The power sector is going through significant changes. GlobalData, a leading research and analytics company, looks at the key trends that will shape the industry in 2020, ranging from electric vehicles (EVs) to corporate power purchase agreements (PPAs).
The adoption of electric vehicles has been increasingly growing in the last few years and is set to continue. International Energy Agency (IEA) data show that the global electric vehicle fleet reached over 5.1 million in 2018 and is expected to grow to approximately 130 million by 2030.
Governments across the world are setting EV deployment targets, encouraging industry stakeholders to invest across the EV supply chain. Large power utilities such as EDF, E.ON and Enel in Europe have been investing in the EV charging station infrastructure. This market is also witnessing consolidation and this trend that is expected to continue.
Increasingly, power utilities are collaborating with EV manufacturers to boost their offering in areas such as EV charging, vehicle-to-grid (V2G) services, energy storage and renewable energy sources. Oil majors such as Shell, BP and Total are also placing huge bets in the market through acquisitions.
Power utilities, which traditionally are opposed to the adoption of new technologies, are now realising their benefits and heavily investing in them. An emerging technology trends survey conducted by GlobalData reveals that cybersecurity, big data, cloud computing, robotics and the Internet of Things (IoT) are being seen as the top five technologies that will have the maximum impact on the sector over the next three years.
Cybersecurity is receiving the maximum attention from power companies to protect grids from cyberattacks. Power utilities have realised the crippling effect that cybersecurity issues can have on the grid and are willing to heavily invest to guarantee protection.
With an increasing amount of data coming out of the customers’ meters, utilities are focusing on data analytics for load forecasting, generation planning, managing peaks and increasing customer energy efficiency awareness.
Big data and cloud computing are useful tools that support these initiatives. Cloud models are helping utilities to lower their IT CapEx and offer unlimited computing and advanced analytics. IoT is helping power companies to remotely monitor and manage their assets. Using IoT, utilities can also conduct predictive asset maintenance.
Grid-scale battery storage
Energy storage installation among end-users (renewable energy generators, grid operators and distributed generation) is expected to witness larger growth due to smart grid development. The battery energy storage system (BESS) market that had an estimated capacity of 4.9GW in 2018, which is expected to reach 22.2GW by 2023, according to GlobalData.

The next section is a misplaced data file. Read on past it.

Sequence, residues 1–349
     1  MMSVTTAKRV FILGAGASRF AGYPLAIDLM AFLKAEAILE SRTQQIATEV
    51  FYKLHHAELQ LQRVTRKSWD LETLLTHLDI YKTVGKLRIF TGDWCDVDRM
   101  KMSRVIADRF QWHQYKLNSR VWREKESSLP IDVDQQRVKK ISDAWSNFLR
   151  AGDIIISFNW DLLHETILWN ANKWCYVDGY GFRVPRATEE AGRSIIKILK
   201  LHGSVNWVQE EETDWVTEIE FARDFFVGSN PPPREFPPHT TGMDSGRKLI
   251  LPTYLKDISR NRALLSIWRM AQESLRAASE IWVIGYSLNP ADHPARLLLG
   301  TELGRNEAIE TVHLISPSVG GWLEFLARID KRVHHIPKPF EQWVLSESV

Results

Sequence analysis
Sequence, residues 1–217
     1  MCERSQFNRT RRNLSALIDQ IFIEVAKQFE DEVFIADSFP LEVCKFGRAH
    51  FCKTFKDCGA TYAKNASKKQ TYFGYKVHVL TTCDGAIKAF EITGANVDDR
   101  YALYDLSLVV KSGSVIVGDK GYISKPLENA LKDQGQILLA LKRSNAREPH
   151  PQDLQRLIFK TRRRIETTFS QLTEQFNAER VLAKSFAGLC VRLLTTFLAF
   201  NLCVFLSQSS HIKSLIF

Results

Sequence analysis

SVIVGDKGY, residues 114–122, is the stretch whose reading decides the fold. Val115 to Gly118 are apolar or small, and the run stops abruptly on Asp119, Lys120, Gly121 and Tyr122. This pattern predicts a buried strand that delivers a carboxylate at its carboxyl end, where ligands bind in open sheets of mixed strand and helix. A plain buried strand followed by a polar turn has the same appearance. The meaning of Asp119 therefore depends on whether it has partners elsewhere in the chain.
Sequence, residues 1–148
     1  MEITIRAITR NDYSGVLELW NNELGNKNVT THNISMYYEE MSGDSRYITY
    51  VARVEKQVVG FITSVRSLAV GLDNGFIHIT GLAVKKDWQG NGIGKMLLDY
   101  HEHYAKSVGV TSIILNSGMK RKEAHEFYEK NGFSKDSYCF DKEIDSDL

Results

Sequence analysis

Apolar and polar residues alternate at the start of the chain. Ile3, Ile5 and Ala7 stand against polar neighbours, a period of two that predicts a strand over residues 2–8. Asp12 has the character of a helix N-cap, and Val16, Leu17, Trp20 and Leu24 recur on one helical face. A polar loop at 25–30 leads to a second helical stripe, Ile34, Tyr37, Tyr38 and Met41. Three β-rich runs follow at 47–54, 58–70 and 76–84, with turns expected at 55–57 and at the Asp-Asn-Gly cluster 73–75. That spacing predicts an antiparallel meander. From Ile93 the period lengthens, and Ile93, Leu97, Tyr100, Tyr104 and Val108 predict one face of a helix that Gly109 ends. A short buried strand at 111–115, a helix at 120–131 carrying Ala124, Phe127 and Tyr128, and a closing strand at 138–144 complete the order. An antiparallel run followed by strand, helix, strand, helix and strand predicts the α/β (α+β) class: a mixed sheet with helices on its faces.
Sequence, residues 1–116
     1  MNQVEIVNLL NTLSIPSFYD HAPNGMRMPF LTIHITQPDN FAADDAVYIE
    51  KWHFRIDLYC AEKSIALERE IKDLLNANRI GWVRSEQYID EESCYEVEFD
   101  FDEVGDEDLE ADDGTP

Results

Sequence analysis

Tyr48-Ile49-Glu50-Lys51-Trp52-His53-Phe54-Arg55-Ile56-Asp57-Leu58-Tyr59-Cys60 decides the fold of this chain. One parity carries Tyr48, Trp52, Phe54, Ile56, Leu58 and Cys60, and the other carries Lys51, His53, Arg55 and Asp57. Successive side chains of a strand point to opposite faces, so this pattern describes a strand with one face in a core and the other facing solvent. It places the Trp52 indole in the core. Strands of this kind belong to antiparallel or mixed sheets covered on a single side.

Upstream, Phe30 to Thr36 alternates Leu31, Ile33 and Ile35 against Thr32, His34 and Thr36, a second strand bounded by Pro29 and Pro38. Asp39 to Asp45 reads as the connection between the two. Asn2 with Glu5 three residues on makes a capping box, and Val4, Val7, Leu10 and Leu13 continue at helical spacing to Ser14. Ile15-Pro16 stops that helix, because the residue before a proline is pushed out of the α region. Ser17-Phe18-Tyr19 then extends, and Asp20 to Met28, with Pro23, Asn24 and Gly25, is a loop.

The financial aspect of energy storage in a wide range of applications and the falling system cost would likely result in the rapid growth of battery energy storage solutions. Lithium-ion (Li-ion) batteries are emerging as crucial for energy storage. The increasing growth of EVs resulted in lithium-ion technology development and a steady decline in lithium-based battery cost.
Several energy storage projects in the pipeline have been accelerated by incentive programmes. The deployment is expected to grow as a large number of countries are opting for storage utilisation to support their power sector transformation.
The US introduced multiple bills and policies related to energy storage. The country has comprehensive incentive programmes, supporting battery utilisation for energy storage. India published a national energy storage mission, outlining the country’s ambition to become a market leader in battery manufacturing. Similarly, China and Germany are exploring opportunities to invest in the growing battery market.
The microgrid demand in the power sector continues to grow, driven by the need for resiliency, energy security and remote area electrification. In 2019, a number of microgrid projects were announced by companies across the world. Utilities such as Duke Energy, EDF, Engie and AusNet have also been involved in the microgrid project development.
The microgrid project scale has been increasing with projects as large as the 100MW Armonia Microgrid in Palau being developed. Policy developments have been encouraging. Hawaii in the US has become the first state to initiate microgrid tariffs, which are fees to be paid for microgrid services. California is also following close behind and planning to introduce legislation to move in the same direction.
Large corporations are increasingly signing PPAs with power generator companies to meet their power requirements. Most PPAs are signed with renewable energy generators, enabling them to increase the renewable energy share in their total consumption.
Companies such as Google, Amazon, Facebook and Microsoft continued to sign PPAs during 2019. This trend is expected to continue in the future as expanding data centre market is increasing its power requirements. Major retailers such as Tesco and Walmart also signed a number of PPAs in 2019.
The rise in corporate PPAs is also fuelled by the fact that as governments across countries are withdrawing feed-in-tariffs (FITs) and other incentives for wind and solar power and moving towards auction mechanisms, corporate PPAs offer developers an opportunity to sell their power profitably.